How You Can Help Victims of Hurricane Irma

It's recommended people do not donate perishable items, such as food, which can be purchased locally

As authorities begin the slow, painful process of assessing the damage from Hurricane Irma, many across the country are asking what they can do to help victims of the catastrophe.

The answer is simple. The hurricane survivors don't need your contributions of food or clothing. They need money.

"Financial contributions allow professional relief organizations to purchase exactly what is most urgently needed by disaster survivors, when it is needed," according to The Center for International Disaster Information. "Cash donations allow relief supplies to be purchased near the disaster site, avoiding delays, and steep transportation and logistical costs that can encumber material donations." 

The organization recommends people do not donate perishable items such as food, which can be purchased locally. Or even clothing because of other logistical concerns.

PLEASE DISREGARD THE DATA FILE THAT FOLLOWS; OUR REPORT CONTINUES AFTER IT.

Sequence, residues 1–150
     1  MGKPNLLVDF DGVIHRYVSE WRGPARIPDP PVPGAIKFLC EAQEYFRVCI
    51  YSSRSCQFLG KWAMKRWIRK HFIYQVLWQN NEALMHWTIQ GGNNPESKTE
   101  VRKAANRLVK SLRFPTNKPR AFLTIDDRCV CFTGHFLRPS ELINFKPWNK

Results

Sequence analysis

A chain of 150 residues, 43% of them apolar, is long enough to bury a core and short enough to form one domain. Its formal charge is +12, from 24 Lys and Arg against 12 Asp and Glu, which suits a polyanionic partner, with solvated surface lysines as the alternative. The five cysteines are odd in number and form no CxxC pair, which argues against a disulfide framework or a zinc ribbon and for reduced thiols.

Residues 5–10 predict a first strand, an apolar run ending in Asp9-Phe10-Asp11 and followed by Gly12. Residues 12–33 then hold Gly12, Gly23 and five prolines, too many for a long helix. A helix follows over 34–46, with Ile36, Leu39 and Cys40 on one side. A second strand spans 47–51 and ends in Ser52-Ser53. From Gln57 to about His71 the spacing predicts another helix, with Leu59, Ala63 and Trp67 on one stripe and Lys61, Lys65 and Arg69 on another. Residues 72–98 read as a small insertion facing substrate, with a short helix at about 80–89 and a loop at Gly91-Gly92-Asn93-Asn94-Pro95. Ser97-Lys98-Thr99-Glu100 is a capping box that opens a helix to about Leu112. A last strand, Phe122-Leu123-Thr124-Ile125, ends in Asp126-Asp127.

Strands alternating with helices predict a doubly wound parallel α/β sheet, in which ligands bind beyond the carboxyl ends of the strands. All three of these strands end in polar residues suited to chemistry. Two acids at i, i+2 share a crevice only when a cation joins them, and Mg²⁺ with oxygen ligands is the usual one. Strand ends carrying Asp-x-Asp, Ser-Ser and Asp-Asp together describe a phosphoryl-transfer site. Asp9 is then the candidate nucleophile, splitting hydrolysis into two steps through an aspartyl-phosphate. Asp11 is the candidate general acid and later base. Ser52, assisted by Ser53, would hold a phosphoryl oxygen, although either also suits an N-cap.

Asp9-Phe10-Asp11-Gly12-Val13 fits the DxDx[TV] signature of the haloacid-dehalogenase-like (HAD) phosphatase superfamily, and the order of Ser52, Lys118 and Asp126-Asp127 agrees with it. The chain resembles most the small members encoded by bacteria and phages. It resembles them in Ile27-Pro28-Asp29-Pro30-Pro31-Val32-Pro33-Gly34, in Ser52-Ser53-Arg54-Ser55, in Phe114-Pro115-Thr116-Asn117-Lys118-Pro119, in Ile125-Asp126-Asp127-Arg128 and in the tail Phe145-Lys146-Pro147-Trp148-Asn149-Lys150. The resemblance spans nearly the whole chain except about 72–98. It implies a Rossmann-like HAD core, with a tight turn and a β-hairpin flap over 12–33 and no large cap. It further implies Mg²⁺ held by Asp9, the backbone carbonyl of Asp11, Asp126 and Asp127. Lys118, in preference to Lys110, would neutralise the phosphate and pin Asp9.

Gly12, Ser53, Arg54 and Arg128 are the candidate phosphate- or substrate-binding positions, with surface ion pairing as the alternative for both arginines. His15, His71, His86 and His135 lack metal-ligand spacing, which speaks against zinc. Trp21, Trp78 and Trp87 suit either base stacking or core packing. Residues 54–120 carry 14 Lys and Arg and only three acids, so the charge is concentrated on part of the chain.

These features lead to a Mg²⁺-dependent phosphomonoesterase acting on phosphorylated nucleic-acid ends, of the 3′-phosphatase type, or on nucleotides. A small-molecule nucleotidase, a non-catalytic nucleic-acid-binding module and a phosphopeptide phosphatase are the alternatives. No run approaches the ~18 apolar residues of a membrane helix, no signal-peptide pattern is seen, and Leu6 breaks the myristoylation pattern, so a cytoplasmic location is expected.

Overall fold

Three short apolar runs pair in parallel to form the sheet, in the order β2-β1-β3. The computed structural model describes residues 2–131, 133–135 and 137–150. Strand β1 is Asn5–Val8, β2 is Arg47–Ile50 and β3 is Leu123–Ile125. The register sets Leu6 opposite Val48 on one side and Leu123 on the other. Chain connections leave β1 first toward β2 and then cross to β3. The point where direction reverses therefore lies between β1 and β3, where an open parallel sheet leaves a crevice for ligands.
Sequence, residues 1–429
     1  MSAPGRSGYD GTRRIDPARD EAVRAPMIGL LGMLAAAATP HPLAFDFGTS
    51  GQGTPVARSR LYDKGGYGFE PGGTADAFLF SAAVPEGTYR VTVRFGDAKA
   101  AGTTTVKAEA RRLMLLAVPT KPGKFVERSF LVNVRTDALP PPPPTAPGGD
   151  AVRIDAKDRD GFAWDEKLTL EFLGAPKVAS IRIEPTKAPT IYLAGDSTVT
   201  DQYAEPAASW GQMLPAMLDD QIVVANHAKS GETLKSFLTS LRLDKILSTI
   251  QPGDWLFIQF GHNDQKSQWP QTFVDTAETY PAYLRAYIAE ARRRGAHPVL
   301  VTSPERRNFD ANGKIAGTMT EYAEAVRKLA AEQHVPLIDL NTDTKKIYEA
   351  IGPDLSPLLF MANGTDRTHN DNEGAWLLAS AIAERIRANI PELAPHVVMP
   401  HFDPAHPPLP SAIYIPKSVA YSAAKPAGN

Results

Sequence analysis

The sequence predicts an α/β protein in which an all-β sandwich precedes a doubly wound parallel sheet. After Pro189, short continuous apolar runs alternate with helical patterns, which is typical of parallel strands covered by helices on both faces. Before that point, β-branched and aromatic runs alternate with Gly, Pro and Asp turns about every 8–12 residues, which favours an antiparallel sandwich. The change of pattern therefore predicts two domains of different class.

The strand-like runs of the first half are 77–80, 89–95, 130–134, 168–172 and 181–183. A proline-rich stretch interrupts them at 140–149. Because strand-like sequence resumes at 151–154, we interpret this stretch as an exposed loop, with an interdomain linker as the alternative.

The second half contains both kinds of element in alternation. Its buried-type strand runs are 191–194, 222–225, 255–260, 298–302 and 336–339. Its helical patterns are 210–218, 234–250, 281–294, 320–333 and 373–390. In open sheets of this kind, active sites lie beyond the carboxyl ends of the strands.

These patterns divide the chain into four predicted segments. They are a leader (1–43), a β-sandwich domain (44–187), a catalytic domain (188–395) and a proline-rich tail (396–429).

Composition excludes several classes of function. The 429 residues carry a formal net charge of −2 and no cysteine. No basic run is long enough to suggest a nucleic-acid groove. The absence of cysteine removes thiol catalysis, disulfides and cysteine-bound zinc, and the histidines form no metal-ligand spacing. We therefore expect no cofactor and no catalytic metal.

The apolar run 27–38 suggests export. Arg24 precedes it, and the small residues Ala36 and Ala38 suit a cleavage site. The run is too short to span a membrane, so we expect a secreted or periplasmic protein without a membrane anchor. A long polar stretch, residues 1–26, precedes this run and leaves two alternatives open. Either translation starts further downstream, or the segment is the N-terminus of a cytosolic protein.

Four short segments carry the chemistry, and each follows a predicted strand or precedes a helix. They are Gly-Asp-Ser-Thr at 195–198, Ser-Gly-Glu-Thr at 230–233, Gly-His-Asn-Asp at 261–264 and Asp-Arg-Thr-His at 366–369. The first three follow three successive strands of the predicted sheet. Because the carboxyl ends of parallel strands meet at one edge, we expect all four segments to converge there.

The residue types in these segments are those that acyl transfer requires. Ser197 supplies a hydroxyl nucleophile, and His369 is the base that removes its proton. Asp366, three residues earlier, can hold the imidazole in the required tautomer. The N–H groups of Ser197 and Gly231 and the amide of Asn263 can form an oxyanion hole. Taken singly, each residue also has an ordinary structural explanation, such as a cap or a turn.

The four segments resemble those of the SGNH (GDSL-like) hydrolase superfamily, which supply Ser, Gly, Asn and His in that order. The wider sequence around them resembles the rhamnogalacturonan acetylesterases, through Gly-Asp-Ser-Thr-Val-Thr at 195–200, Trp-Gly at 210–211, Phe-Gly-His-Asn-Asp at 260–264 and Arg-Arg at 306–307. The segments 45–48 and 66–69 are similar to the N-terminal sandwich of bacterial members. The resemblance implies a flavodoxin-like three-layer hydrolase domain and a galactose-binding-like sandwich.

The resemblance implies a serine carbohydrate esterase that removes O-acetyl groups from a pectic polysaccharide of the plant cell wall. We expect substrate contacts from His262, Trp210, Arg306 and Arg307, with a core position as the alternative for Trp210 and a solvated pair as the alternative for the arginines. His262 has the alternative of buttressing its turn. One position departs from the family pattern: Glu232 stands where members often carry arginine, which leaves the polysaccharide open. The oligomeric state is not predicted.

"Many Americans respond to disasters by collecting food, clothing and household items for people in need. It is not unusual for community and civic groups to collect thousands of pounds of material. These donations require transportation — which is expensive and logistically complicated," the group says on its website.

You can begin by donating to charitable organizations like The Red Cross, which depends on financial donations to be able to provide disaster relief immediately. You can help those affected by visiting, or calling 1-800-REDCROSS to make a donation.

Other charitable organizations, including the Salvation Army, and UNICEF are also appealing for donations in wake of the disaster, while some companies, such as Apple, are making it easy for customers to donate to hurricane relief efforts. Apple customers can donate directly through iTunes and the App Store. 

Not sure about which charity you'd like to donate to? You can visit or to check the legitimacy of charitable organizations. Charity Navigator has compiled a list of trusted groups for Hurricane Irma relief.

In addition to money, other organizations are looking for volunteers to donate an almost equally valuable resource: their time.

Volunteer Florida is looking for help at the state's shelters and other disaster relief organizations. You can register and find out more here. Gov. Rick Scott also said people can text "DISASTER" to 20222.

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